There’s no doubt that living in China is like living life in overdrive; everything is faster, crazier, more unpredictable, and thus a whole lot more fun (if you can minimize the number of Bad China Days).  We all have stories of crazy things we’ve seen, odd things our colleagues have done at work, or strange things our students have said.  The sheer randomness of China is what lies at the heart of its attraction.

Tom Carter, an author now based in Shanghai, has decided to collect a number of these expat China adventures in a volume titled Unsavory Elements: Stories of Foreigners on the Loose in China.  One of the contributors is Shenzhen’s very own Bruce Humes, who we profiled here on The Nanfang a few months ago.

Nobody on The Nanfang staff has read Unsavory Elements yet, but we plan to do it soon. In lieu of a review, we recently chatted with Carter by email regarding his anthology and the changing nature of expatdom in China.

You have an eclectic mix of writers: everyone from Simon Winchester (The River At The Center Of The World) and Peter Hessler (Country Driving) to Matthew Polly (American Shaolin) and Alan Paul (Big in China). How were you able to get so many notable people sign on for the project?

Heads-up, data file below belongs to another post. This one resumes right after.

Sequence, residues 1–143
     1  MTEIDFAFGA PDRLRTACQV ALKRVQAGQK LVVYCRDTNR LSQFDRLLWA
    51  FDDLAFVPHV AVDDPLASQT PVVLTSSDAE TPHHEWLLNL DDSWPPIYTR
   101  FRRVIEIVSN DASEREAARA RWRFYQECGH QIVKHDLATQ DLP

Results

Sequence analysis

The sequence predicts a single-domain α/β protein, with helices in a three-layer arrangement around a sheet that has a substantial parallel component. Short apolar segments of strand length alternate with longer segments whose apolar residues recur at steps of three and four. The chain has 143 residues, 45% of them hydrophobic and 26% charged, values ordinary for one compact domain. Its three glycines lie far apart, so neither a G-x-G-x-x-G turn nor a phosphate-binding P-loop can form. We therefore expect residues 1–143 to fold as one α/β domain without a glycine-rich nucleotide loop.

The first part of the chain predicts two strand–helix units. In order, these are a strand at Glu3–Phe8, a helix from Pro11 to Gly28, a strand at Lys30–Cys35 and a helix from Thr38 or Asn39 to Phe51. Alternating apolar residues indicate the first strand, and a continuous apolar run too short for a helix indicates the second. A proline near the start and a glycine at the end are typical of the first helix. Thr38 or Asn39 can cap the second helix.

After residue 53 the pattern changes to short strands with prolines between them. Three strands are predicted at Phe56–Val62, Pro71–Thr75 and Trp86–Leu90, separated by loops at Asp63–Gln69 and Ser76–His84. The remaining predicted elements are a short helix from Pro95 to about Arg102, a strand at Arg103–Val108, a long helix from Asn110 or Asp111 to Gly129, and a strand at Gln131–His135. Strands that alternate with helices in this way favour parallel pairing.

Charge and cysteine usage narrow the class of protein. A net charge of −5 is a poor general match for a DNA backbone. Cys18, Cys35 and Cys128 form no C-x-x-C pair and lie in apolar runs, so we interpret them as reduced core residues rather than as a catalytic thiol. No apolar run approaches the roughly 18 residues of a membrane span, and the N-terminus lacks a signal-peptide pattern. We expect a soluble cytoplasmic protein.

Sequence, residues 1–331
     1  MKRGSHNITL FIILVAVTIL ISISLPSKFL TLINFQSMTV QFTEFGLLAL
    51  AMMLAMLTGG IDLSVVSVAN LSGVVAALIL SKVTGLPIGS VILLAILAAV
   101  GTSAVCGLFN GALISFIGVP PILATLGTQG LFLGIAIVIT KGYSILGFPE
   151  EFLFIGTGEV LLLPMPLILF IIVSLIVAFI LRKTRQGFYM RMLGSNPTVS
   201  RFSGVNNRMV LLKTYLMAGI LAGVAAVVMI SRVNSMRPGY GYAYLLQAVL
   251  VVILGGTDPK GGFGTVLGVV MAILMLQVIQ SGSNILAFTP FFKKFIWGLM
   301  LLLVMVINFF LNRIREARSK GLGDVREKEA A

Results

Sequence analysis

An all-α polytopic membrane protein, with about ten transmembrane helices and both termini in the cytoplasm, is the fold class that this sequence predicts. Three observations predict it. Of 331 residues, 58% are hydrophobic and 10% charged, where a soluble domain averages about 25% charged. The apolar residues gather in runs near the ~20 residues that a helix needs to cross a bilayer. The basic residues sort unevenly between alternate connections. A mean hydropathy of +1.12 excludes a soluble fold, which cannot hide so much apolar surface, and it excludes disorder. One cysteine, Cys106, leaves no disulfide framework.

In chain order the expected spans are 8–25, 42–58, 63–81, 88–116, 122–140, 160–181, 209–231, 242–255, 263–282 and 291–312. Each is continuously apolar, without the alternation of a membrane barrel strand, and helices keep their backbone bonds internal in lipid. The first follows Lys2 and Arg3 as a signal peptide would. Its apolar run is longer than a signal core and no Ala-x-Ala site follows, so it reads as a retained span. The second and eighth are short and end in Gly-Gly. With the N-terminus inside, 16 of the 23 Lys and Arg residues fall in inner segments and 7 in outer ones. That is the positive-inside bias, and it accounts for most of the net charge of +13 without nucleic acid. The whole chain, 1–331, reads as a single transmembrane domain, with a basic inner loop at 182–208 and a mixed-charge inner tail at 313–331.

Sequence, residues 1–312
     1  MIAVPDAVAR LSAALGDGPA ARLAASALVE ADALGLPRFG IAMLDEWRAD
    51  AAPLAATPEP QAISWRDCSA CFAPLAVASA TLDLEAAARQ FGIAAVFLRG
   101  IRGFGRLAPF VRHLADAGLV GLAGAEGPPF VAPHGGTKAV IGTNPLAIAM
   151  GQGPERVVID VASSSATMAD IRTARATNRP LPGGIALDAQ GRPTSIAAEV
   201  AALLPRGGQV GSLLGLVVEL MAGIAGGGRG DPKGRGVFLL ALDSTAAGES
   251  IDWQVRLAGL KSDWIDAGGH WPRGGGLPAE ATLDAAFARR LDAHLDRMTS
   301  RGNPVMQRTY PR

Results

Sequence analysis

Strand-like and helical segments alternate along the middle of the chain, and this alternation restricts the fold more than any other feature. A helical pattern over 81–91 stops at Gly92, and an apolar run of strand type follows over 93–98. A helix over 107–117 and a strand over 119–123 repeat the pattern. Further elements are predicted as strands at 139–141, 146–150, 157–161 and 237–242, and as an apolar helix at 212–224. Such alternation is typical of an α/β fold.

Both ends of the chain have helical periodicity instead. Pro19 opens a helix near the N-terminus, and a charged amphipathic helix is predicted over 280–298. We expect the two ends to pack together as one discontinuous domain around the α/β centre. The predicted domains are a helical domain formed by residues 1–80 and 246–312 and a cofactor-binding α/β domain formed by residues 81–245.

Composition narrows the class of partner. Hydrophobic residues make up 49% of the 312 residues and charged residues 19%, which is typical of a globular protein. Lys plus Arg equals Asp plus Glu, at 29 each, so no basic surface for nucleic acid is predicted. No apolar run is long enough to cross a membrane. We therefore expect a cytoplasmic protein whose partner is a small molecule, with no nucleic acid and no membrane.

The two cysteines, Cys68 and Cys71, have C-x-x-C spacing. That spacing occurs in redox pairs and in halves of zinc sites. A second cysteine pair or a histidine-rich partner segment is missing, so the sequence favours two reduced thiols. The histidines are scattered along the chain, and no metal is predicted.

Probably because I conceived and approached this project as an actual fan of all the writers who appear in it, as opposed to an agent or publisher just looking to squeeze some money out of their book extracts, which unfortunately is how most anthologies come about.

I read the works of many of these authors for the first time during my 2-year backpacking sojourn across China – my pack was constantly filled to bursting with physical books. I respected them for inspiring generations of expats to follow in their footsteps and felt the moment had come to bring them all together, for the first time, on a single literary project to share all-new, never-before-told stories.

Even though I myself was also a published author, I didn’t know any of my contributors personally prior to this.  I was pleasantly surprised by how accessible they were: most immediately wrote back, expressed an enthusiasm in contributing to this long-overdue showcase, and encouraged me to try to get it published.